More retailers are turning to financial incentives to encourage their workers to get the COVID-19 vaccine.
Grocer Aldi says it will cover costs associated with vaccine administration and will provide employees with two hours of pay for each dose they receive, up to four hours total, as well as scheduling flexibility for salaried employees. It is not a requirement, but the employer is encouraging the vaccinations “by removing obstacles for its workers to access the COVID-19 vaccine, if they so choose,” the company said in a statement.
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Trader Joe’s said it will give employees two hours of pay for each dose they receive—for a total of four hours for the complete two doses—and will allow flexible scheduling so workers have time to get vaccinated. And Instacart said it will provide both in-store shoppers and contractors with a $25 stipend if they get vaccinated, with the stipulation that they must have completed five deliveries in the last 30 days.
Dollar General was one of the first major employers to announce a strategy for encouraging its workers to get vaccinated against COVID-19. The retailer said last month that it’s offering workers an extra four hours of pay for getting the vaccine. And food company Chobani says it will offer workers paid time off to get vaccinated, an early indication of a strategy some employers may take to encourage workers to get inoculated. The yogurt maker, which has roughly 2,200 U.S. workers, says it will cover up to six hours of time for Chobani employees to get vaccinated—three hours for each of the two COVID-19 vaccine doses.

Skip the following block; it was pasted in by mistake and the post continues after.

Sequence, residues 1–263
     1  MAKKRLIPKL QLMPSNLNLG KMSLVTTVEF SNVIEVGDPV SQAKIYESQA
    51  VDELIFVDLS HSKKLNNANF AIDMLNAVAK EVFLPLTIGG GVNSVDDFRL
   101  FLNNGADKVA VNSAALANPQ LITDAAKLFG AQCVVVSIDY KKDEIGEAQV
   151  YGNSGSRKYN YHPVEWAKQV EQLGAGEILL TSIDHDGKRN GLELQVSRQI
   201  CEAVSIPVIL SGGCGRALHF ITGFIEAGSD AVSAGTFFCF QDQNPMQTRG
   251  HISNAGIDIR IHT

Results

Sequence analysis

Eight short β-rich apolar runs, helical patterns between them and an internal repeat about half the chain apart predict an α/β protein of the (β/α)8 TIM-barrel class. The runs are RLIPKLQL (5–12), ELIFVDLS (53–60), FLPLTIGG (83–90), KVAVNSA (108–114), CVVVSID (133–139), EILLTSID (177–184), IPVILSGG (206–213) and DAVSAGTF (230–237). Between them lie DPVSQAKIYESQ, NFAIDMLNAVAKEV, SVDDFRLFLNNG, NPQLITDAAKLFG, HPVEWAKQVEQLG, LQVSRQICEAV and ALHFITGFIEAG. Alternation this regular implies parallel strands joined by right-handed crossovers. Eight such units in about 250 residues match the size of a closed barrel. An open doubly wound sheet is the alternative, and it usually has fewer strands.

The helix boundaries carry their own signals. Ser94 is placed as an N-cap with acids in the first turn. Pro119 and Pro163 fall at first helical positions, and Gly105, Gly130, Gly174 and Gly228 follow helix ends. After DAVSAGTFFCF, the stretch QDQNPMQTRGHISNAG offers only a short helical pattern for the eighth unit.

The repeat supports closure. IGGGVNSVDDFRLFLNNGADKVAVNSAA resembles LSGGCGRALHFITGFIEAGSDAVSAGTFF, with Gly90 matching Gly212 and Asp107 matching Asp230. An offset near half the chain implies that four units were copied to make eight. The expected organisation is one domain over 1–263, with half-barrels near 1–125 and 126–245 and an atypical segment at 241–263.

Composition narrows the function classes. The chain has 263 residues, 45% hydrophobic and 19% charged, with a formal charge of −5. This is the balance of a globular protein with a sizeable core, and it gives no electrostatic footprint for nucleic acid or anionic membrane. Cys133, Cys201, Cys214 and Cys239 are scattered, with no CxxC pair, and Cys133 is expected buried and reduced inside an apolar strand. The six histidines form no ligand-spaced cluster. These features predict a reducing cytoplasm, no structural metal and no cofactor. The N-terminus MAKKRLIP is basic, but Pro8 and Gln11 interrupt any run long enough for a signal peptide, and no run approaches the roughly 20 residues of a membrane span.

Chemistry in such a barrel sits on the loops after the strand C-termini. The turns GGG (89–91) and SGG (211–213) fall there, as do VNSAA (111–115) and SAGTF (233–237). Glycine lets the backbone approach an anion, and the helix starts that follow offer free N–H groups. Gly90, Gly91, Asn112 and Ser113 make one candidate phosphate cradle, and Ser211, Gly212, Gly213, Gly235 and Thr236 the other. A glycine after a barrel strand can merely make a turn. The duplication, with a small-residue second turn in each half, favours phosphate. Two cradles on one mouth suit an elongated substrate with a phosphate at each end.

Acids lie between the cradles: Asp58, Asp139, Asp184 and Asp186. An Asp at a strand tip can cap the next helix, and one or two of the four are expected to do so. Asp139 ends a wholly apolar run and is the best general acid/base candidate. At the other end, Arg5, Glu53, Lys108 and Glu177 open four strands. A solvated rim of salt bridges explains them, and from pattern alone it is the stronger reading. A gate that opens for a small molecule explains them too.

Many organizations are mulling their COVID-19 vaccination plans, with some considering offering incentives or rolling out education campaigns on the vaccine and some even considering requiring mandating vaccination for employees.
Guidance from the EEOC says employers can require employees to get immunized with the coronavirus vaccine—with some accommodation exceptions—but most experts anticipate employers will first encourage vaccination before requiring it, especially as vaccines aren’t widely available yet.
Recent data indicates that financial incentives may be a smart strategy for employers to encourage vaccination. A survey from Blackhawk Network, a payments provider, finds that although some 40% of workers are either unsure about getting the vaccine or do not plan to get it, certain incentives could boost vaccination rates. For as little as $100, one-third of employees would agree to get vaccinated against COVID-19, the survey of 1,105 employees finds.
“Anything employers can do to encourage their staff to get the vaccine, or at least consider the vaccine and do more research into it before saying ‘no’ right away, will be incredibly beneficial not only for the company’s bottom line but more importantly for saving countless lives,” says employment expert Rob Wilson, president of employment firm Employco USA.